This weekend, all Americans will be celebrating the freedoms they hold dear—the freedom to go to work, fall in love, and raise a family without being subjected to discrimination. The LGBT community will be celebrating like everyone else, although it will be a celebration tempered by the fact that in many ways and many places, our freedom is not complete.
LGBT veterans and servicemembers have been instrumental in winning and protecting our freedom—both through their service in uniform and their advocacy for equal rights for LGBT servicemembers and their families. In honor of their service, Freedom Indiana would like to highlight some of their stories.
Private First Class Darrell Blasius served in the United State Army from 1971-1974 as an x-ray technician. More than 40 years later, Darrell says his service still has a profound impact on him. He says not only did the Army provide him with a career, it taught him respect and discipline. Although Darrell has gone on to have a successful life with his partner Bruce, he feels passionately that many veterans don’t get enough support when they get home.
“I’m proud of what I did. I think that everyone should go through basic training because it makes you a better person. [But] we aren’t helping vets enough, considering what they’ve lost. We need to do better.”
Although serving our country—and accessing care once they get home—has been difficult for LGBT veterans, for many it hasn’t dampened their loyalty or desire to serve, or changed their view of themselves as a veteran.
For Scott Spychala, a 20-year veteran of the United States Air Force, the uniform still feels like an integral part of who he is. However, Scott—who was in a serious relationship while he served—found it harder and harder to serve in the face of Don’t Ask Don’t Tell. He retired in 2003. Soon after, he was recruited by the Human Rights Campaign to organize Hoosier veterans against the discriminatory policy. And he didn’t have to hide his identity anymore.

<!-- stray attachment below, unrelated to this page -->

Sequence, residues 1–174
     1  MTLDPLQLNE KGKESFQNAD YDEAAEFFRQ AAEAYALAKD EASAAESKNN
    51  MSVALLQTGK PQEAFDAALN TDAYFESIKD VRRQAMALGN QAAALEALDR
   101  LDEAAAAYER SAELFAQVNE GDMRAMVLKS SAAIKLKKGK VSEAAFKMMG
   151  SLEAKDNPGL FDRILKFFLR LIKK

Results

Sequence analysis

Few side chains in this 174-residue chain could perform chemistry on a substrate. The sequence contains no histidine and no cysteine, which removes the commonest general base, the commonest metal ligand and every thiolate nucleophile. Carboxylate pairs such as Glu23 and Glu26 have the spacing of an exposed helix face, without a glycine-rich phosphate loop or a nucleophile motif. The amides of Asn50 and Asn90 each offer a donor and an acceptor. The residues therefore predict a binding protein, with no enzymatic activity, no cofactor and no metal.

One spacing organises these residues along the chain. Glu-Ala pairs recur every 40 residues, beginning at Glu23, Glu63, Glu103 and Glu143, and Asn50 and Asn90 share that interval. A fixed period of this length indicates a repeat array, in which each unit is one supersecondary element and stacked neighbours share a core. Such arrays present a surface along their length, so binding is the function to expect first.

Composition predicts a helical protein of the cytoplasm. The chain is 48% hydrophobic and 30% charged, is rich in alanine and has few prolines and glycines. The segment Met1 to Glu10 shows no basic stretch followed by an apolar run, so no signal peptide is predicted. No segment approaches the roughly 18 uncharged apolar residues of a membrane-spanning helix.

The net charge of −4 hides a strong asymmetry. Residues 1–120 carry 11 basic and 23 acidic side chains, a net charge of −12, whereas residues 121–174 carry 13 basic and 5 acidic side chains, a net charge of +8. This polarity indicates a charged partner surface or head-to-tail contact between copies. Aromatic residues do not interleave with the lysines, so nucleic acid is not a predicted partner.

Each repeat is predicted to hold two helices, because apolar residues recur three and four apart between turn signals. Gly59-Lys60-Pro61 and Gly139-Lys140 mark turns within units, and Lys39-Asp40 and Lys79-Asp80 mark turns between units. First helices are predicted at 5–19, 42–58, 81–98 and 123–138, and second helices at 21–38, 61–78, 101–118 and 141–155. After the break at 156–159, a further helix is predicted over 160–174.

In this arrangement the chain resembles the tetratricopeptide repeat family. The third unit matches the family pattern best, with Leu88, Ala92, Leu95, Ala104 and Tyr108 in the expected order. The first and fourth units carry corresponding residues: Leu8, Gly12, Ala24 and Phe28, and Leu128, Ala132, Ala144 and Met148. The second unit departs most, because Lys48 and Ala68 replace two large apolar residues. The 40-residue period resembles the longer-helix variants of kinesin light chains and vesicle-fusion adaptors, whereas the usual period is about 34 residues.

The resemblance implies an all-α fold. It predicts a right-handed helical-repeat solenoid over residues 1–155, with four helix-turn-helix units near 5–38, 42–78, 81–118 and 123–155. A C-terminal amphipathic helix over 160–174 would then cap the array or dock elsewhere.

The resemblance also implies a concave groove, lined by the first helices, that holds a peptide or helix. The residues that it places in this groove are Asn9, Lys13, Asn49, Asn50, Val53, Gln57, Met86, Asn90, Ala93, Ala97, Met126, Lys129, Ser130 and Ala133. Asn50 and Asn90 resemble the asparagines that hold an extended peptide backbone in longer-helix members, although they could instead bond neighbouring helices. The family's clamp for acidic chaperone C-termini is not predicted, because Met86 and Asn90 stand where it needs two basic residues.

“After marching in the Chicago Pride Parade I never felt freer. Everytime I put on my uniform I feel i can be who I am. I am a veteran first and gay second. I still love to carry the colors whether it be red, white and blue or six COLORFUL stripes.”
Scott is now the president of Indiana chapter of American Veterans for Equal Rights.
For transgender Hoosiers, serving in the military has been an especially fraught choice. Even after Don’t Ask Don’t Tell was repealed in 2010, transgender people could not serve openly. But that changed today when Secretary of Defense Ash Carter announced the Pentagon would be lifting the ban on transgender service.
For Cameron Elliott St. Andrew, that policy has, up to now, made his service a bittersweet endeavor. What makes it bitter is not being able to serve under his real identity—but what makes it sweet, he says, is leading, training and mentoring soldiers.
“My service is dedicated not only to this country and to my community, but to the soldiers to my left and right.”
Until today, transgender servicemembers not only had to grapple with the complex feelings of serving an institution that doesn’t recognize their existence—they also had to keep that existence hidden or risk being discharged.
That’s what happened to Maxwell Atlas Hedon. Maxwell joined the military because he wanted to serve a purpose and be a productive, upstanding member of society. He also thought he’d learn new skills. He served despite being classified as female by the military, even though it didn’t feel right to him.
“How does it make sense that you let me serve my country, and serve you dinner, and you still don’t want to serve me some non-discrimination protection?”
After discharge, and in the face of further discrimination in the workplace, Maxwell has refused to let others’ lack of understanding define him. He now serves as the president of Gender Warriors in Evansville, and is an outspoken advocate for transgender people in his community.
Brian Ayres, a United States Marine, also expressed this feeling of dehumanization. But he also said that part of his service—not being able to serve openly—gave him the resilience and perseverance to be the person he is today.
“When I enlisted in the Marine Corps, I signed my name on a line that indicated I would give my life for a country that didn’t recognize me as a person. One of my favorite sayings is, ‘We’re all just a different shade of green, but we all bleed the same blood.’ Being trans may make us a different shade of green than other servicemembers, but it doesn’t make us any less capable of kicking ass.”
Freedom Indiana would like to thank all servicemembers and veterans during this weekend of celebration—and extend an especially heartfelt thanks to those who were not able to serve openly until today.SHARE THIS STORY